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IU Bloomington expects record freshman class

As the pandemic continues, IU Bloomington predicts a booming incoming class.
IU Bloomington
Posted at 6:00 AM, Aug 12, 2021
and last updated 2021-08-12 08:34:16-04

BLOOMINGTON — It’s back to school time and some college students are preparing for the first day back on campus. On the beautiful lime-stone campus of Indiana University in Bloomington, students are gearing up to return to in-person learning.

David Johnson the university’s Vice Provost of Enrollment Management said, “We are super excited to be welcoming them back to campus.”

His excitement is no understatement. It’s reflected in the data too.

“We had a 50% increase in academic scholarship offers to students that's, that was our strategy to really go strong at supporting students,” said Johnson.

In fact, IU Bloomington is expecting nearly 9,300 freshmen in this year’s fall class. That’s a record number and a 17% increase from the previous year’s enrollment.

That number comes from the university when it compares enrollment and housing deposits. So, WRTV asked, why is this undergraduate freshman class so big?

Johnson said, “The interest and returning to a more normal and typical college experience. The great value and experience at IU offers to students. And really, I think the test-optional admissions strategy also played into helping students think about IU if they felt like maybe their test scores didn't reflect their full academic ability.”

He said the academic ability of the incoming students didn’t dip during this pandemic either.

“Their GPA is, you know nearly equal to last year, which is a phenomenal statement given the challenges that they faced,” said Johnson.

Even with the challenges of remote learning, Johnson said, technology helped the school reach and recruit more students virtually.

That includes out-of-state students like Maddy Allen. “Every year has just been a golden year and lots of fun,” said Allen. She’s from Colorado and she said she’s looking forward to her senior year in-person.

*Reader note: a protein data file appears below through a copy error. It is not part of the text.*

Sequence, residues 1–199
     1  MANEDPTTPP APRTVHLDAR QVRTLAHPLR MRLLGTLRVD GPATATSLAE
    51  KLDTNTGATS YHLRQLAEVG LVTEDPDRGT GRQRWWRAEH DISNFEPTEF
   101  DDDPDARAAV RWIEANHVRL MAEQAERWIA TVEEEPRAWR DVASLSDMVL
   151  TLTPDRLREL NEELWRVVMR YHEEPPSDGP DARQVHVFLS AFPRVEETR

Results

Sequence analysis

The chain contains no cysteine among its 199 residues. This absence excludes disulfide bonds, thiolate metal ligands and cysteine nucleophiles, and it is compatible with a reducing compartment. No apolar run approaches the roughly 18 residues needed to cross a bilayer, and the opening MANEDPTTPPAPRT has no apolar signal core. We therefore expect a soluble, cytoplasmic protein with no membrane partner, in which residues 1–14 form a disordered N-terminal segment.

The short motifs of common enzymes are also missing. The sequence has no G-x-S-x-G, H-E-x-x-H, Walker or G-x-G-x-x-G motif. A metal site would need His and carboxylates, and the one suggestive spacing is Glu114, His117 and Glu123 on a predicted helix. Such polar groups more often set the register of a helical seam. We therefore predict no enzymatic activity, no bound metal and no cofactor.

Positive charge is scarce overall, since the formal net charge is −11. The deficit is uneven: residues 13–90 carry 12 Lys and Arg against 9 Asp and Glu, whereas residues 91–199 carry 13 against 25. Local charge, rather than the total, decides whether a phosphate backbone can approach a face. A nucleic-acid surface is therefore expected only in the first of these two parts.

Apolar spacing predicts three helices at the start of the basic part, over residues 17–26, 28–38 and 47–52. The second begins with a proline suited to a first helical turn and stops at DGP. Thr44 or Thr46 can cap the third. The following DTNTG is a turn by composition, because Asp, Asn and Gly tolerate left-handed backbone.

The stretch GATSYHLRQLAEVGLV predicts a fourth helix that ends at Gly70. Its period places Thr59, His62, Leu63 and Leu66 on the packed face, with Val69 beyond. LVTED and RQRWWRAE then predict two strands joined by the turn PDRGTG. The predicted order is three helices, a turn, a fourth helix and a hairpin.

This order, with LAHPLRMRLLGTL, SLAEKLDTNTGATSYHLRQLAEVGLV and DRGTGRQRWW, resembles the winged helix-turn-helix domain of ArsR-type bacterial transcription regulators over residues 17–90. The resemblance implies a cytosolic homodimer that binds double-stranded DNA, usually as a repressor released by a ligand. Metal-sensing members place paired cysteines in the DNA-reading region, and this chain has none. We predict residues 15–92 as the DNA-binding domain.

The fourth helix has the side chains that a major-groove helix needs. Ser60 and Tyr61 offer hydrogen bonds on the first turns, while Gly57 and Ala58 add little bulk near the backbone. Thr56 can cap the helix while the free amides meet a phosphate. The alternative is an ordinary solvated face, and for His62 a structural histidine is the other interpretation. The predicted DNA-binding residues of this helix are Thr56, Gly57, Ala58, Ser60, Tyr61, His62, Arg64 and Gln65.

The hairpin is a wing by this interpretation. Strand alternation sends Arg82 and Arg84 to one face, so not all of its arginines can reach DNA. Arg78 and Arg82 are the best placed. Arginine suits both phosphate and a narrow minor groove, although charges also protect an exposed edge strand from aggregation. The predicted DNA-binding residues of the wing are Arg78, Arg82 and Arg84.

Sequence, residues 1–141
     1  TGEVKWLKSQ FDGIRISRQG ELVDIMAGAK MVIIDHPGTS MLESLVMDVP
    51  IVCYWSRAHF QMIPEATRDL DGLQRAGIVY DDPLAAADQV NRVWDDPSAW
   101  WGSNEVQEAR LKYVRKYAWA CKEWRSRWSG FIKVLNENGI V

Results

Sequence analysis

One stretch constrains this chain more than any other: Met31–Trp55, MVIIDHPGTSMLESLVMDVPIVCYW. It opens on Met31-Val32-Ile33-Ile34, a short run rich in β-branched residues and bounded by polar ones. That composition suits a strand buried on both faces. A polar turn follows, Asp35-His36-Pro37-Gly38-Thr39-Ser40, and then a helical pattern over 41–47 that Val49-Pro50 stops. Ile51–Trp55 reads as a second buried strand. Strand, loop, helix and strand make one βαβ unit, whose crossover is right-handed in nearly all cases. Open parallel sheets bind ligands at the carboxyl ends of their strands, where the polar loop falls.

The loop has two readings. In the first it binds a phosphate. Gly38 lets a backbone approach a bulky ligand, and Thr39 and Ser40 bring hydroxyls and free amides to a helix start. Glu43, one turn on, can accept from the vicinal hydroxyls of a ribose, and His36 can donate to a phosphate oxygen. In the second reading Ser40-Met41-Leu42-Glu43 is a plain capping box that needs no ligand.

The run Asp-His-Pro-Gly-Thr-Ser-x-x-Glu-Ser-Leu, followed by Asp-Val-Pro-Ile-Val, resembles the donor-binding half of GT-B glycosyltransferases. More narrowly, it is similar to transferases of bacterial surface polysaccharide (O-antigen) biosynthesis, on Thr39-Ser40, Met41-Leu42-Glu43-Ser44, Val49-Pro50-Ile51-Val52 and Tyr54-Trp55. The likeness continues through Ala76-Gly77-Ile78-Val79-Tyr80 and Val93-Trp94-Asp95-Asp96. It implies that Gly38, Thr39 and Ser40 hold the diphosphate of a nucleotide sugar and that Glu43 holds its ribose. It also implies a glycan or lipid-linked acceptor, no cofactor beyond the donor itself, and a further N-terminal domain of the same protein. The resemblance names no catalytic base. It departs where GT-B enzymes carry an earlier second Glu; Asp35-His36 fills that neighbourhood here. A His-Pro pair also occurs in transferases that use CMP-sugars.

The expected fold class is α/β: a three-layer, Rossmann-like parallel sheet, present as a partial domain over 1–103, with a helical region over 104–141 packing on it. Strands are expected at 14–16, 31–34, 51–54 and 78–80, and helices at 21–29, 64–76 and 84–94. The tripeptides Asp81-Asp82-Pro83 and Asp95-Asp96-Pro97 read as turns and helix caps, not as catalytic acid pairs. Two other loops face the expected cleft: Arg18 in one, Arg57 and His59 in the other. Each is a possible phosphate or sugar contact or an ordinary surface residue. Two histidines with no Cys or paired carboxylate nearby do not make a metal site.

Allen said, “I'm really excited to be back. I'm really excited to get more of that collaboration aspect in that camaraderie that you get in the classroom and I'm just really excited to see more smiley faces in person.”

Allen admits 2020 challenged all students, with a pandemic and its support and ‘Hoosier spirit’ that kept her going.

“It's definitely it was a change going from in-person classes to virtual classes, but the faculty was so understanding in there to help our students,” said Allen.

“Our faculty is absolutely amazing here. They really want to make sure that they're getting to know the students. There's also always something going on campus, the athletic games are insane. There is amazing pride at those, and there's amazing student organizations on that campus so you really can make some great connections on.”

Even though we’re still in a pandemic, Allen said she’s convinced the university prioritizes health safety.

“IU is doing a great job in making sure that students still feel safe on campus, while also going on to that next step, now that we're having all these vaccinations, we are getting back to some normalcy, so I think they're taking the right steps in the right direction,” said Allen.

Johnson said, “we have a terrific team of doctors that we are, you know, that are advising us and that we're listening to and we will be following their guidance.”

Doctor Johnson said he’s aware of the challenges students faced, mentally, and academically.

So, they plan to have counseling resources for students. He also said he knows it’s a fluid situation with the pandemic.

The first day of school for students at IU Bloomington is August 23rd. So far, the COVID policies and procedures include, returning to normal college activities; all IU Students, faculty, staff, and visitors must wear a mask indoors regardless of their vaccination status; and all students, faculty, and staff must be fully vaccinated for Covid-19, or have an approved exemption before returning to campus.

It’s through a self-reported process and being full vaccinated means that two weeks have passed after having all doses of a vaccine.

Allowed exemptions include religious exemptions, ethical exemptions, and medical exemptions. You might want to note though that these policies can change, as the university consistently follows CDC guidelines.

To see COVID policies for some other universities in our area click here.